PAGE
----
Paying cash for meds cheaper than insurance co-pay?

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Open enrollment is starting soon, November 1 to be exact. While I still can’t see what my insurance premiums options are until then, I am able to see what the drug insurance copays would be depending on the level of insurance plan we could get. (Note: We have no intention of changing to insurance, but I like to keep track of how much better Samaritan’s pricing is!) We only have one option for insurance on the individual market. When the choose the bronze plan on the insurance company website, it shows me what my copays for medicines would be. I have put several medicines that we’ve been prescribed in the last few years into their search fields to see what the pricing is today. I did the same thing with goodrx, my go-to for cash drug discounts, and made the comparisons.

So far, every single one of them is cheaper using the coupon through goodrx. EVERY ONE. While that will not always be the case, it is again eye opening how insurance isn’t really saving us anything. For one of the medications with the widest pricing swing, I called the closest goodrx pharmacy with the cheapest price to get their cash (no goodrx discount) prices, and make sure they accept goodrx coupons. Here’s what I learned.

Straight cash: $478.99 (90 day supply)
Goodrx coupon: $38.18 (90 day supply)
Insurance copay: $60 (90 day supply)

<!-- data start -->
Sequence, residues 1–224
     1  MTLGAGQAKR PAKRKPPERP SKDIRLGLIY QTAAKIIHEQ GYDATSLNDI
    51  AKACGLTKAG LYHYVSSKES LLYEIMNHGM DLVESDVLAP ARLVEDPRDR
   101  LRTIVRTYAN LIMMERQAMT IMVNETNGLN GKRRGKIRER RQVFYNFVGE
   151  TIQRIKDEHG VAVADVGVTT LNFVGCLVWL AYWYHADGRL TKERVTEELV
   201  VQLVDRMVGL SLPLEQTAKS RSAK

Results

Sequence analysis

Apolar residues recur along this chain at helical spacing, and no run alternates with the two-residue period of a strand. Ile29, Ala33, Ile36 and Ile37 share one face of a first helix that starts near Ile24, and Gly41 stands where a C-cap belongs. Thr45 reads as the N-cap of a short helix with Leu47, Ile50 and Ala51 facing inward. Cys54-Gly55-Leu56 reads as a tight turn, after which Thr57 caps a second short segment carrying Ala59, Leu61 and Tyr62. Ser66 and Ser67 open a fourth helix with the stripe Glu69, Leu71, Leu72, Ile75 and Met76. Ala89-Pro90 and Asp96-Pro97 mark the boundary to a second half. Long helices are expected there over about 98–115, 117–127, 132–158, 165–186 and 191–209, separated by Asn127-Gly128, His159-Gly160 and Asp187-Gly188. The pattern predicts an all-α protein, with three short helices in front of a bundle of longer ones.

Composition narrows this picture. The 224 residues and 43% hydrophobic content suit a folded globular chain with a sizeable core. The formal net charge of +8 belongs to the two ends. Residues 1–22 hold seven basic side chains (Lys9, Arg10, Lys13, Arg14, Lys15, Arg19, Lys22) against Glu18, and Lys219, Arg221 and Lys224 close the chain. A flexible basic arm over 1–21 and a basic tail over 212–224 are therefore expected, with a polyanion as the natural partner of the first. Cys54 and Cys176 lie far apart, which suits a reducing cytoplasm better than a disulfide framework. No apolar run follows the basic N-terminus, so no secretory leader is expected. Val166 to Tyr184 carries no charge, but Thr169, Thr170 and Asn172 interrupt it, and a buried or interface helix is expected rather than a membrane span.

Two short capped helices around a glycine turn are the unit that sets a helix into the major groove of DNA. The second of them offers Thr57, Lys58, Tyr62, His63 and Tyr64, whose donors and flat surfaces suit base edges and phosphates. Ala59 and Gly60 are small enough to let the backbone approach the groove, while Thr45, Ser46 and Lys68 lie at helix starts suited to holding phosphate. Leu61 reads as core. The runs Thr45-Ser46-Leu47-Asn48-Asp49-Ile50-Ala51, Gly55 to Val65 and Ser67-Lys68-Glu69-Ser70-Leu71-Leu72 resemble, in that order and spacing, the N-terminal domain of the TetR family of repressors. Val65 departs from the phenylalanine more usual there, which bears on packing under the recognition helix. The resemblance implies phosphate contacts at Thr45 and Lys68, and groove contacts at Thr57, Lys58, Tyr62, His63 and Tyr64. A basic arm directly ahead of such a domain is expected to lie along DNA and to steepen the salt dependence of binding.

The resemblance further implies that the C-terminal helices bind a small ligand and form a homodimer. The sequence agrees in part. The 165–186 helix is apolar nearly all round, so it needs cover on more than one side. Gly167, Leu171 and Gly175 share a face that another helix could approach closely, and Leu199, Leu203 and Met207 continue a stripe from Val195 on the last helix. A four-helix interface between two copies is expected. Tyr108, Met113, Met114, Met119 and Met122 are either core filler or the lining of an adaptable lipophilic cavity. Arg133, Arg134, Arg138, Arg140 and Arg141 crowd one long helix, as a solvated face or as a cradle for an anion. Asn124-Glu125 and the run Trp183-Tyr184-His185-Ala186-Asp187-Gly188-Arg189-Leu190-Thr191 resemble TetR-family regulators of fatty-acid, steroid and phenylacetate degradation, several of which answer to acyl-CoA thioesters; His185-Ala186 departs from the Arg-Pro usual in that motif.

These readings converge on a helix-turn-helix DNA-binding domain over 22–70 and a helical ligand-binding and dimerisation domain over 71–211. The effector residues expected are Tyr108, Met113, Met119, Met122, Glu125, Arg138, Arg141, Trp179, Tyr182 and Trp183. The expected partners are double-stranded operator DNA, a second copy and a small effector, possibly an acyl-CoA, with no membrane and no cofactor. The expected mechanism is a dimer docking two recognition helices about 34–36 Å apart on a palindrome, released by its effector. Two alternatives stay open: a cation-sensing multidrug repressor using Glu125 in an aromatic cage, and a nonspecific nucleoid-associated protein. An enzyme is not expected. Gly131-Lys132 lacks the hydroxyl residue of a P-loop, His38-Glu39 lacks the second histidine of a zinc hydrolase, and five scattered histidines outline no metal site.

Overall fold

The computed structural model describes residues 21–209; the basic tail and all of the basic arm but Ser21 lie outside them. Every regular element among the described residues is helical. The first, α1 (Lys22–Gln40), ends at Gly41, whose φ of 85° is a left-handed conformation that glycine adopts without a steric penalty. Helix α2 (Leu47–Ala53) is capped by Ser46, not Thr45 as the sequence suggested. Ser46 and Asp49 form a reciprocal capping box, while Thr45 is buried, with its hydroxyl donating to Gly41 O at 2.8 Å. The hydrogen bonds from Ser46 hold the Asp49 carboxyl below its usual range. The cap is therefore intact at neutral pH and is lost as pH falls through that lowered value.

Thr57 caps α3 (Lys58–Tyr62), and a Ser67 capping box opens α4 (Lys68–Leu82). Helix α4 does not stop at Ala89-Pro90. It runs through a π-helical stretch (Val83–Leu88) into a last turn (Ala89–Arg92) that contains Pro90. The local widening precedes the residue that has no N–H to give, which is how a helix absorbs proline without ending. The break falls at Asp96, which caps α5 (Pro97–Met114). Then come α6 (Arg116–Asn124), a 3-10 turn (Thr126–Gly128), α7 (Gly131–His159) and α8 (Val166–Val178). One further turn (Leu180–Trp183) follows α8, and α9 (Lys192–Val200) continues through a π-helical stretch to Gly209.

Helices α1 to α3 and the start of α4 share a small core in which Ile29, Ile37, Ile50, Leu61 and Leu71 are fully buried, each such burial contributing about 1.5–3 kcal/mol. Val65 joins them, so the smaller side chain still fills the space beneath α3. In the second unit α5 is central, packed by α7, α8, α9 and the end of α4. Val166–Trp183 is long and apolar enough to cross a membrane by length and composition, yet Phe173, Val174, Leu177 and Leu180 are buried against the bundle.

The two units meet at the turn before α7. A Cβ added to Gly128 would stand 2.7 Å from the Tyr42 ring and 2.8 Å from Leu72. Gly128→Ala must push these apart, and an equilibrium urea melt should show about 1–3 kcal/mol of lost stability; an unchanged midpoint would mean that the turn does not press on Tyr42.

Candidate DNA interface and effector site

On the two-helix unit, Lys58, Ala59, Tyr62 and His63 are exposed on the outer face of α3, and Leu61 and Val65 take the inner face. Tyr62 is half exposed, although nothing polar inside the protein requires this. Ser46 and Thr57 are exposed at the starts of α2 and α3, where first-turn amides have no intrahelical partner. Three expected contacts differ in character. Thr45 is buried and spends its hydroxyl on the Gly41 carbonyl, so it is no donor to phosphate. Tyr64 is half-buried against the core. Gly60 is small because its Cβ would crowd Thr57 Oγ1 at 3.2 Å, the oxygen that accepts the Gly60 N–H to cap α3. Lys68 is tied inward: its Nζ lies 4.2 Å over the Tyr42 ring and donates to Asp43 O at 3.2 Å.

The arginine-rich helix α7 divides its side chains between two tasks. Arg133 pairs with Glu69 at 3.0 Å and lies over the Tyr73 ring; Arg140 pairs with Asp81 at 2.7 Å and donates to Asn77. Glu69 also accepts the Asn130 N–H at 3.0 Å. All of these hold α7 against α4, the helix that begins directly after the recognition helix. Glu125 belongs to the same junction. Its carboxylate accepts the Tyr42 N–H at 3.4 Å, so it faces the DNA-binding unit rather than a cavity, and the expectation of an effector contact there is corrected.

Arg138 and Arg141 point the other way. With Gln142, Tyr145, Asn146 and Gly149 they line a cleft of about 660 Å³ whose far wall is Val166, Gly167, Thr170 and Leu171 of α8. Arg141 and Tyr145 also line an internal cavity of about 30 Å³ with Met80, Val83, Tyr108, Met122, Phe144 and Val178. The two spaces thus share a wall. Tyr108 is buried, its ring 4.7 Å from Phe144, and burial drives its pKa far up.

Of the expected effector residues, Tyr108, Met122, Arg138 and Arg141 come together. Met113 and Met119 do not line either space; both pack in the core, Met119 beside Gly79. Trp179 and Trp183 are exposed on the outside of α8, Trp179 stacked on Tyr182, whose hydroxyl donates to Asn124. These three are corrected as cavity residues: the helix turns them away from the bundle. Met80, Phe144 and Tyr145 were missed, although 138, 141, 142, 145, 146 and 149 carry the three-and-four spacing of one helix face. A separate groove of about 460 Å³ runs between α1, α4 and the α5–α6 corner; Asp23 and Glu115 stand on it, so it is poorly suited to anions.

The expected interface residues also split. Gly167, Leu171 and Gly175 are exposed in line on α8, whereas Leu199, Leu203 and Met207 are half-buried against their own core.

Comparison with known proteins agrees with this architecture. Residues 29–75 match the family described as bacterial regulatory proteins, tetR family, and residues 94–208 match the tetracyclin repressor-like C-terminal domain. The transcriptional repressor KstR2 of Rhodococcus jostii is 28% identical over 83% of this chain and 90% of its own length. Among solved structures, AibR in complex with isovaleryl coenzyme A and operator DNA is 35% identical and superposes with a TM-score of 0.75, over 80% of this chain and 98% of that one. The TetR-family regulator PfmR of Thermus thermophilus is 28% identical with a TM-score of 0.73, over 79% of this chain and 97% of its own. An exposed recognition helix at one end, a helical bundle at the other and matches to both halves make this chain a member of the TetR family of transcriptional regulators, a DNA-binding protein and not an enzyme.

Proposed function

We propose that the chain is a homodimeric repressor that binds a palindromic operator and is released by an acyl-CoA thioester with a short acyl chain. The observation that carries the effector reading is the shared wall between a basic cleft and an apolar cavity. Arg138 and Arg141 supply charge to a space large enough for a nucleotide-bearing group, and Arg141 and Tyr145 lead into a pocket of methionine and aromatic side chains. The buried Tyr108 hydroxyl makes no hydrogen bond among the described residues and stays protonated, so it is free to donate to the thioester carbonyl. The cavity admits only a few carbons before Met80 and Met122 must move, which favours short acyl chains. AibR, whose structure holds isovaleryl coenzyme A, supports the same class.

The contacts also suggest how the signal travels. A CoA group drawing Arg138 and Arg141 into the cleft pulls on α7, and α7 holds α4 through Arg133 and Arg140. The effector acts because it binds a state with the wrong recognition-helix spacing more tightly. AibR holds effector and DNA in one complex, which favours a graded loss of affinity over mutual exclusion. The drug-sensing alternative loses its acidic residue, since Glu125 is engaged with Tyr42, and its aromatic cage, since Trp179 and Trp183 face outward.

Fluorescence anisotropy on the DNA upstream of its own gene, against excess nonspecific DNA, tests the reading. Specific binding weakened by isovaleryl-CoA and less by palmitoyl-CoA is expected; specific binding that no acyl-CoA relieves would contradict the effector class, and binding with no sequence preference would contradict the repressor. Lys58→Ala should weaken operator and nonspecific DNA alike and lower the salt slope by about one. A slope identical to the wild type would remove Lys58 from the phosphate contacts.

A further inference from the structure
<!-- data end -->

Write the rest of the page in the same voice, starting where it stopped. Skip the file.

For a generic it’s incredible that the cash price is almost $500, wow. Goodrx will save us 36% over the insurance copay and 92% over straight cash! It really pays to do the research. The pricing variation for this one medication in the same town, across 6 different pharmacies with a few miles of each other ranged from $38.18 to $171.15 even using the goodrx coupon.

While paying cash and using coupons for medications is a great thing, there can be some pitfalls. For one, it usually means we get our prescriptions filled at a number of different pharmacies in the area. It’s worth it to me to drive across town to save $130 on the exact same medication. It adds a little more time, but the savings are definitely worth it. Prices should be checked periodically because they can change (usually annually, sometimes more often), and it may require you to transfer your prescription mid year to capture the savings. (Transferring is usually very easy and automated over the phone or online). Also, sometimes the cash/coupon price isn’t cheaper than an insurance co-pay. It pays to make a list of your medicines and run these comparisons. For many people they come out ahead each year, even if some meds are higher, simply because others are so much cheaper. And the difference between our Samaritan monthly share and the insurance premium also plays in. I can afford to pay a little more for any higher priced meds because I’m saving so much each month on premiums.

Once again, being a member of Samaritan Ministries instead of having traditional health insurance is saving us money and giving us freedom of choice. Even when it comes to medications.

 

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